My local library has gotten a whole load of Stephen Leather and Jo Nesbo books in at the moment so I’m having to “switch hit” as it were between the two. So it looks like a Leather and Nesbo winter read by the metaphorical fireplace.
I had hoped to read some more of Leather’s more vintage material, to get a feeling of how each story matured in the way of content and presentation. After reading The Birthday Girl though, which is still fairly early in his writing career being published in 1995, I think that plan has been circumvented by the fact that all Leather’s stories thus far have been rich in detail.
The book starts with Tony Freeman who works for an arms development company. He is outside of the Sarajevo Holiday Inn when he is kidnapped by Bosnian rebels and held for ransom. While in captivity he meets the leader of the rebels and his 13-year-old sister Merisha.
Back home, Tony’s partner Maury Anderson has made a deal with a Russian Mobster and his psychopathic brother to pay the ransom and to get some mercenaries to free Tony. As the mercenaries attack the rebels and start to kill Merisha, Tony throws himself over the young girl and is shot in the legs as a result.
While he is recovering, he demands to see Merisha (he had built up a rapport with the girl while he was being held for ransom). When he sees that she has been put in with male adult prisoners and is being mistreated, he demands her release and states that he will adopt the girl and that he and his wife will raise her.
In one of the less believable plot twists of the book, the authorities agree to this proposition and allow Katherine and Tony Freeman to adopt the little rebel.
Fast forward four years and it is Merisha’s 16th birthday. Besides the traditional celebrations all Maury Anderson’s “chickens” have come home to roost. His Russian buddies now want the entire arms company and he has a cocaine habit the size of an elephant riding on his back.
Katherine, we find out, is a bit of a nymphomaniac and is busily shagging anything with a snake in their trousers. Merisha is seeing a ‘shrink’ for therapy and Katherine is seeing him for other reasons. When Merisha finds out that Katherine is shagging the good doctor, she decides to pay him a visit and demand that he stop. She adores her father and will do anything to make sure he is happy.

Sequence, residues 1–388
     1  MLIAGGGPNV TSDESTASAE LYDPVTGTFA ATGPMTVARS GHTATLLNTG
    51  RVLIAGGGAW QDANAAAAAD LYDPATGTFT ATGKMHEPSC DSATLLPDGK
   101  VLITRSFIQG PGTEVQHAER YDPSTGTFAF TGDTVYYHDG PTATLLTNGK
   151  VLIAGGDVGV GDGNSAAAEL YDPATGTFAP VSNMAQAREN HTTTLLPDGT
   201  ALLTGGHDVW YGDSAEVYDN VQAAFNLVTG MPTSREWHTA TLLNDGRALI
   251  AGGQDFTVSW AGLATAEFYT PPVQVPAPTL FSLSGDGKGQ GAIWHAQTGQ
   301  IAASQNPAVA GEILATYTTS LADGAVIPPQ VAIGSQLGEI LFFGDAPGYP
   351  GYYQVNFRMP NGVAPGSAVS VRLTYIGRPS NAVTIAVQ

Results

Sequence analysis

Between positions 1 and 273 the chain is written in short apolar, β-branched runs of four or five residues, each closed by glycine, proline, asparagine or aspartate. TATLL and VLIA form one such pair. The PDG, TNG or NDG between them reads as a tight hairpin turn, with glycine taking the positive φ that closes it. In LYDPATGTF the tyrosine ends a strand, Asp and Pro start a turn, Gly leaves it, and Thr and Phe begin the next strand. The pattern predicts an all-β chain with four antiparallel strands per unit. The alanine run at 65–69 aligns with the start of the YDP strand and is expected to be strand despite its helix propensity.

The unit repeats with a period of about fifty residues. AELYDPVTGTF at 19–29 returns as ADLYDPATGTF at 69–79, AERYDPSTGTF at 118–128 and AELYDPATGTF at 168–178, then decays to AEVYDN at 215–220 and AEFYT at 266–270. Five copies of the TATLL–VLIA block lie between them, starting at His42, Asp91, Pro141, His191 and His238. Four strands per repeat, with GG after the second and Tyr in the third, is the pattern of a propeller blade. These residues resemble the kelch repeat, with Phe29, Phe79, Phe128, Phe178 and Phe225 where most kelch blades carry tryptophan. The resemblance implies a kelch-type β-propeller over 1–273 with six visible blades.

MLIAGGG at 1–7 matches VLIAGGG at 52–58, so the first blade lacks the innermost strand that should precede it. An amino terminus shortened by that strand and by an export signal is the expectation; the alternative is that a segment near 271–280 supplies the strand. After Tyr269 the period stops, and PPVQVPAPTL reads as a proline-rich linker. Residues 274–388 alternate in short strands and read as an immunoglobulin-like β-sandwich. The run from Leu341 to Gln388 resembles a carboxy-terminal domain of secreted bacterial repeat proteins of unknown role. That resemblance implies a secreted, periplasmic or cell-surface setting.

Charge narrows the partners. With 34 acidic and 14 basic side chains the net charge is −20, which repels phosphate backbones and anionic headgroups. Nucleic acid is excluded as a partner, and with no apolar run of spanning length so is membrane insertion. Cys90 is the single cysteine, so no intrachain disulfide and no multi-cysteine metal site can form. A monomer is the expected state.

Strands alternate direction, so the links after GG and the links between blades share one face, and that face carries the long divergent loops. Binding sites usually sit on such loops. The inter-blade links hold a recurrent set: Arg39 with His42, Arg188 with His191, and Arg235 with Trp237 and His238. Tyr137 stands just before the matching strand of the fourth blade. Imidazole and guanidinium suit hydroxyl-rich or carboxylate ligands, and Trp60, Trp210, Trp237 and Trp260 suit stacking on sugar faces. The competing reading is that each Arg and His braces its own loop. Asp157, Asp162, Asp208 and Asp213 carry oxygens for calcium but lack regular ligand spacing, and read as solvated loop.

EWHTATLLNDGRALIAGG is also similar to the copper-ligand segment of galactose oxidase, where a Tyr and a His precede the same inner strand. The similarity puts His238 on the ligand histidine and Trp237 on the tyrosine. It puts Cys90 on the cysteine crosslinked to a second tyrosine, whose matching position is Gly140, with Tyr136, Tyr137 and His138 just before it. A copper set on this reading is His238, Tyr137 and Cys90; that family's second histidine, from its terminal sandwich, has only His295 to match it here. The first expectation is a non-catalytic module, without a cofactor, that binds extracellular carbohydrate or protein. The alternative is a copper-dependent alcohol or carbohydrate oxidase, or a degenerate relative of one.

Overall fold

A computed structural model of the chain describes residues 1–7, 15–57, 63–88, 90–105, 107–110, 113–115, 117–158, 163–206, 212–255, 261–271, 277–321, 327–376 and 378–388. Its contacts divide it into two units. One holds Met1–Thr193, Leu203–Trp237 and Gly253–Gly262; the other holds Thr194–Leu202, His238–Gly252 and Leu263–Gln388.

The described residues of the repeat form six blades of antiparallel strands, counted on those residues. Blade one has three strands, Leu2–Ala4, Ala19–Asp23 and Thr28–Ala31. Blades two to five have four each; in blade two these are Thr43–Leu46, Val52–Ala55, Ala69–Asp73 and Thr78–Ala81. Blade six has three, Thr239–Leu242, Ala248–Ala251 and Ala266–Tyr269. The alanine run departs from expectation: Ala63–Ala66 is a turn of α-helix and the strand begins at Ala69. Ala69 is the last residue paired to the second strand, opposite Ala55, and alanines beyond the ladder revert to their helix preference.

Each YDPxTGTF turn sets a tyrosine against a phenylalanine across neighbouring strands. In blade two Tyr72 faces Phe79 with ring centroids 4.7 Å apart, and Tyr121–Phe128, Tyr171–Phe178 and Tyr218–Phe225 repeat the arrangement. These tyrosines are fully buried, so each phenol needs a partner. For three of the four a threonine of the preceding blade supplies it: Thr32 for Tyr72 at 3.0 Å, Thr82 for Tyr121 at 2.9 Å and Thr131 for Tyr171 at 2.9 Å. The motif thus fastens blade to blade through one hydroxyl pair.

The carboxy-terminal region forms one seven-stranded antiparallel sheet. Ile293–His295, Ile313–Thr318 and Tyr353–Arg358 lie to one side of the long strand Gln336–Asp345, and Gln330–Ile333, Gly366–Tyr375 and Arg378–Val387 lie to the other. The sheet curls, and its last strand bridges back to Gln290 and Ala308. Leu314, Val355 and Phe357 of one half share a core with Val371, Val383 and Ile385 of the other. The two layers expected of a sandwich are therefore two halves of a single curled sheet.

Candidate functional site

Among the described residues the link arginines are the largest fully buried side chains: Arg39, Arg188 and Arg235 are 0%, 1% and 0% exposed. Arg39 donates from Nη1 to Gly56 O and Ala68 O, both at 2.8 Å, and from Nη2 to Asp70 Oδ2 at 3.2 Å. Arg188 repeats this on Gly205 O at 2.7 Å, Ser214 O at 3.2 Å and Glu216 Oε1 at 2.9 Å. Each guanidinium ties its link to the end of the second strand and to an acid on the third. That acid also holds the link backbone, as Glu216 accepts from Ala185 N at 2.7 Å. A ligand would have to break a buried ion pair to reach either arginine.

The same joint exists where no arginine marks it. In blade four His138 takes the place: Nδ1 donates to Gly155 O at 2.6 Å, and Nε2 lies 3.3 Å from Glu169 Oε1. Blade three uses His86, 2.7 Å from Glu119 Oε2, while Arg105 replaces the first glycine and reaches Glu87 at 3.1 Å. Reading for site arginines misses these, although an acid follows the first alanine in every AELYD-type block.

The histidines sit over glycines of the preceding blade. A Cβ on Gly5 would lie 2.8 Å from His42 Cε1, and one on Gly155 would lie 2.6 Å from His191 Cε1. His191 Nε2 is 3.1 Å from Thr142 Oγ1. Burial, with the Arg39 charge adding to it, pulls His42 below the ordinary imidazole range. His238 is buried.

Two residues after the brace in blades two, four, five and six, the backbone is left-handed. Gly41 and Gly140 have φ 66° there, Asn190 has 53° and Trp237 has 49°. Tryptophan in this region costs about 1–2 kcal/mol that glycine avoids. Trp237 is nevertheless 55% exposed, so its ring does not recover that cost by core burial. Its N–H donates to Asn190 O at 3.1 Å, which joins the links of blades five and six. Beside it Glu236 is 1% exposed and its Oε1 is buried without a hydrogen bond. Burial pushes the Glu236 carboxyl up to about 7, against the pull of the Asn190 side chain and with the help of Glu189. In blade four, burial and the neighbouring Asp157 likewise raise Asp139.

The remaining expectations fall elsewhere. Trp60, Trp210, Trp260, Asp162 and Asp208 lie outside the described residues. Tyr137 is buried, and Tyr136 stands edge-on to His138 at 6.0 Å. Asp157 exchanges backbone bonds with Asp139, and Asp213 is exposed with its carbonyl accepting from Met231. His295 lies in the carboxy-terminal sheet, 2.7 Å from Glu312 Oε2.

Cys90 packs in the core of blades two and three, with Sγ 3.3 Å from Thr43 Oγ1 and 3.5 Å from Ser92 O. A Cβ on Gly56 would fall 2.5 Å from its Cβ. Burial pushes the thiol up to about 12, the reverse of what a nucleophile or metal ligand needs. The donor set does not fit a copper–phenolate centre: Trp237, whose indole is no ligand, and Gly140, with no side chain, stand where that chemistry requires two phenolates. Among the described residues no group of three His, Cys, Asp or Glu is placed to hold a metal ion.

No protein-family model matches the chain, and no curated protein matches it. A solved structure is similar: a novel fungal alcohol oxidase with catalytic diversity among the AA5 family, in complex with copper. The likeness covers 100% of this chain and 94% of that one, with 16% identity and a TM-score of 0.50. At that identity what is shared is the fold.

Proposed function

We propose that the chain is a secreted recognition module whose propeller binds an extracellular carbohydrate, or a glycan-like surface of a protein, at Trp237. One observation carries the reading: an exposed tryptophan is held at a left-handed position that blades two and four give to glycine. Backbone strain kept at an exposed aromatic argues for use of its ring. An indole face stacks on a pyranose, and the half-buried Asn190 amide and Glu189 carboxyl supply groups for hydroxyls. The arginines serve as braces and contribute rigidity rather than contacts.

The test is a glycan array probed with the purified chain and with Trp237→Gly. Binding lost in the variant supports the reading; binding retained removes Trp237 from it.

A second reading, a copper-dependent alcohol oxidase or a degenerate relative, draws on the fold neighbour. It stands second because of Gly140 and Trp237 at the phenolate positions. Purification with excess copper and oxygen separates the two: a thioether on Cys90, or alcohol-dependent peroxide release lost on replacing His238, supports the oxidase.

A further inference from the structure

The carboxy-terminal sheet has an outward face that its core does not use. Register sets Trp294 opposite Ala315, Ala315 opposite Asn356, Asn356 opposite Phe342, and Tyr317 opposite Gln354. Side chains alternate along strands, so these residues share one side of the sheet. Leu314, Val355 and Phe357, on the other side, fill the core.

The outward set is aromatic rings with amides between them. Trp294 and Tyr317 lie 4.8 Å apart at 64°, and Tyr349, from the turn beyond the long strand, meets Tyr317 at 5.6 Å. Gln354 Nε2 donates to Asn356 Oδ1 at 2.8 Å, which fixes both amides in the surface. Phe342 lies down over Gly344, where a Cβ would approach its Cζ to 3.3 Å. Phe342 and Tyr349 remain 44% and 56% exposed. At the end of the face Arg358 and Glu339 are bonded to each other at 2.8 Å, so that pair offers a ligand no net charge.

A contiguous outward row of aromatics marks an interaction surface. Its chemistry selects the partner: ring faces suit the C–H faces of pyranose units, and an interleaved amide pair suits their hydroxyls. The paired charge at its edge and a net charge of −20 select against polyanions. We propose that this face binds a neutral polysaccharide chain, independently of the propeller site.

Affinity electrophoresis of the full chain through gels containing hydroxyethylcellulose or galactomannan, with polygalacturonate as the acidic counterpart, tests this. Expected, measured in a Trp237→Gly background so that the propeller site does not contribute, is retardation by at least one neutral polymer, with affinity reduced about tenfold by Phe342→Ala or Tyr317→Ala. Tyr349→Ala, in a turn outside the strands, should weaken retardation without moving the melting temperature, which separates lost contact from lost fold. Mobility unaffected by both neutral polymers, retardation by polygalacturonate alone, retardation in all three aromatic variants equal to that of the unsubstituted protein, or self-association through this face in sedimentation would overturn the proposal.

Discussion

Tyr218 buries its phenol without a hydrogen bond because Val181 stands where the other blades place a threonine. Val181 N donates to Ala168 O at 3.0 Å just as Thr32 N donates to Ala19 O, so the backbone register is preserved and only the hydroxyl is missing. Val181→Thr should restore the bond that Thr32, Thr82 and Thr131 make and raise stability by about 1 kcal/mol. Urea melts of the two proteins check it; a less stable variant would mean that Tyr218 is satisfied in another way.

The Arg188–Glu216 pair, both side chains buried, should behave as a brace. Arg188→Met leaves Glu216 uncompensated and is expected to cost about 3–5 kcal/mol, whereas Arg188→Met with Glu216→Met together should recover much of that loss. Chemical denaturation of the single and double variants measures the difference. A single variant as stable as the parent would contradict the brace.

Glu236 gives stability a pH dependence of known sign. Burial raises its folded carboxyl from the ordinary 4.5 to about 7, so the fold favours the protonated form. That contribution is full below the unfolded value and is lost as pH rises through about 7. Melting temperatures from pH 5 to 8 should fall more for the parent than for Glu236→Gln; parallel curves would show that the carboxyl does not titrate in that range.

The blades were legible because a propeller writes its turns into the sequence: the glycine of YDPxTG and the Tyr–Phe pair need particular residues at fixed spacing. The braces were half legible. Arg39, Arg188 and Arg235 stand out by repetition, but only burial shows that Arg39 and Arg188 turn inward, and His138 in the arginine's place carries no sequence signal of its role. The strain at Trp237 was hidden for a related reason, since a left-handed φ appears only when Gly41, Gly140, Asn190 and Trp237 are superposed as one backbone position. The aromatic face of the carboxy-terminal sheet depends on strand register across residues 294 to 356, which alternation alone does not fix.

It is another thriller and it is the usual fast paced, action packed read. I did enjoy the book, but, I spent a lot of time “skip reading” it. I found that I literally hated Katherine and Maury and really could not get behind their characters at all. So when a sentence would start with Katherine getting ready to have another extramarital shag or Maury begging the Russian gangsters for a little more leniency, I read one or two sentences and then would “skip” to the Tony/Merisha part of the story.
But to be truthful, I did not really like Tony that much either. He is a staunch Scotsman who sticks by his principles, but damn it, the man is as bland as Melba toast. Apart from standing up to Katherine’s bullying father so he could marry her and “saving” Merisha, he is devoid of any real personality.
The only character I had any interest in was Merisha. Leather’s description of her healing process after being taken away from the Bosnian/Serbia war was interesting and fairly truthful, I felt. I have had dealings with a teen Bosnian refugee from that horrible time.
He has seen his immediate family murdered and watched his mother and sisters being repeatedly raped. This young man was anything but normal. He had, not unsurprisingly, started off a life of crime and violence. His extended family (distant relatives who had taken him in) could not control or understand this tortured young man.
So Leather’s story of Merisha’s childhood and the horrible atrocities against her family and the other Bosnian families had a solid ring of truth. It is this fact alone that made the book worth reading. I have read other books that made reference to the ethnic cleansing that the Serb‘s were involved in, but they have been from a military or mercenary point of view.
It was very interesting to see it from a surviving victim’s point of view, despite the fact that I felt the initial opening of the adoption was a bit hard to digest.
I wouldn’t recommend that you rush out to read this book, but it is well worth a look. It is standard Leather reading but without the usual characters that you can really root for. You will have to suspend your disbelief quite a lot for this one, but I’d still give it three and a half stars out of five for entertainment value.